Tampa, Fla.-based non asset-based 3PL BlueGrace Logistics announced this week it has acquired freight broker Anthym Logistics. This represents the company’s first external transaction since partnering with Warburg Pincus, a private equity firm, in 2016, which was done to leverage investment capital to help drive growth for BlueGrace.
A purchase price was not disclosed.
Established in 2019, Anthym’s main offices are based in Tampa and Chicago. The company was the byproduct of a merger between Atomic Transportation and Cousins Logistics. Anthym’s leadership is spearheaded by Michael Redisch, Anthym Logistics Chief Strategy Officer, and Eddie Leshin, a 30-year 3PL veteran with experience at C.H. Robinson, Coyote Logistics, and American Backhaulers.
BlueGrace Logistics Founder and CEO Bobby Harris told LM that this acquisition would be best characterized as a phenomenal opportunity for BlueGrace and for Anthym.
“The transaction occurred very quickly, less than 90 days from the initial discussion to signing, which speaks to the agility of both companies and their senior leadership to prioritize strategic activities and move quickly to take advantage of them when they arise,” he stated.
Harris explained that BlueGrace is very excited about the synergies that come with Anthym Logistics, including:
“BlueGrace customers are now Anthym customers and vice versa,” said Harris. “The opportunities to cross-sell LTL and dry van services to Anthym’s produce and wholesale companies is significant, and BlueGrace has great expertise in LTL which is hard to build. Likewise, BlueGrace has existing opportunities across its customer base to add refrigerated truckload, which is a value-add capability that is difficult to sell. Both BlueGrace and Anthym will immediately benefit from these complementary specialties.”
When asked what the biggest competitive advantages of this deal are, Harris said it goes back to the people involved, coupled with BlueGrace having made significant investments in its two largest locations in Tampa and Chicago, with the intention og doubling the size of its staff in just a few years.
“We will reap significant leverage from consolidating offices and having all of these customer and carrier sales experts under one roof,” he said. “BlueGrace is gaining an incredible bevy of supply chain talent that would otherwise require many years to develop internally. We are making a giant leap forward today that will ensure we maintain and even accelerate the momentum that we have developed over the last decade.”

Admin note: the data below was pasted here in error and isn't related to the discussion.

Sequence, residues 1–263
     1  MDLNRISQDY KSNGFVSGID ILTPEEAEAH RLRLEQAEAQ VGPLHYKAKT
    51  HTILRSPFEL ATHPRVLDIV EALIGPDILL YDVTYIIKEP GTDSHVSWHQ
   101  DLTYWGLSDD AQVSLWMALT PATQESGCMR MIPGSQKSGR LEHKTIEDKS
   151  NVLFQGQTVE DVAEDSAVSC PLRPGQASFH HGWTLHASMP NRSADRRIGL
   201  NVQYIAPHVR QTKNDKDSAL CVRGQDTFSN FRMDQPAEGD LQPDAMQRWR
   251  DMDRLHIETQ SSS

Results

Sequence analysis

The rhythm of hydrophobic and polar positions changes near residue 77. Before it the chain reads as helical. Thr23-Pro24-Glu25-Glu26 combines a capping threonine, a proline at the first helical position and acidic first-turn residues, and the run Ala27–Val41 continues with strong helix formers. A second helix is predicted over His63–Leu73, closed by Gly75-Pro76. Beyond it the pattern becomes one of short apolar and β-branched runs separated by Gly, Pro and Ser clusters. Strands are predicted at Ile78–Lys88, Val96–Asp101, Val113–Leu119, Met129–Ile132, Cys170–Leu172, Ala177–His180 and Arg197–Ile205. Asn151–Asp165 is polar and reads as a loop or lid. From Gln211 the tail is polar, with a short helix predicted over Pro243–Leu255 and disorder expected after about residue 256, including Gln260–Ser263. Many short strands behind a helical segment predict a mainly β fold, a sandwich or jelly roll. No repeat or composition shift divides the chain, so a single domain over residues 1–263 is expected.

BlueGrace officials said that with Anthym in the fold, the company now will cover 15 regional and branch locations across the United States, while also adding that this development follows and exciting 2019, in which BlueGrace celebrated its ten-year anniversary, generated revenues over $360 million, and grew its full truckload shipments by more than 45%.
“We are extremely pleased to find a deeply experienced and trusted partner in BlueGrace to continue building value for our exciting roster of customers,” said Eddie Leshin, who will remain at BlueGrace and serve as a Senior Advisor to the CEO, in a statement. “With its best in class LTL expertise and well-respected managed transportation services platform, BlueGrace can offer the clients we have developed at Anthym Logistics a full suite of technology and reporting capabilities to help manage and grow their businesses.”
Ben Gordon, Managing Partner of Cambridge Capital, an investor in niche supply chain leaders and also Managing Partner of BGSA Holdings, a leading mergers and acquisitions advisory firm focused on the transportation, logistics, and supply chain technology sector, explained that the BlueGrace acquisition of Anthym reflects a few key issues.
“First, the M&A markets in logistics continue to be active,” he said. “The coronavirus pandemic notwithstanding, supply chains will continue to get more efficient through consolidation. Second, BlueGrace is a private equity-backed logistics firm. PE firms will continue to deploy capital to support their portfolio firms and implement their M&A strategies. Third, this was a tuck-in acquisition. Tuck-ins are typically the easiest deals to integrate, because they combine a larger firm with a smaller firm, and leverage the infrastructure of the larger firm. I expect to see more of these kinds of deals.”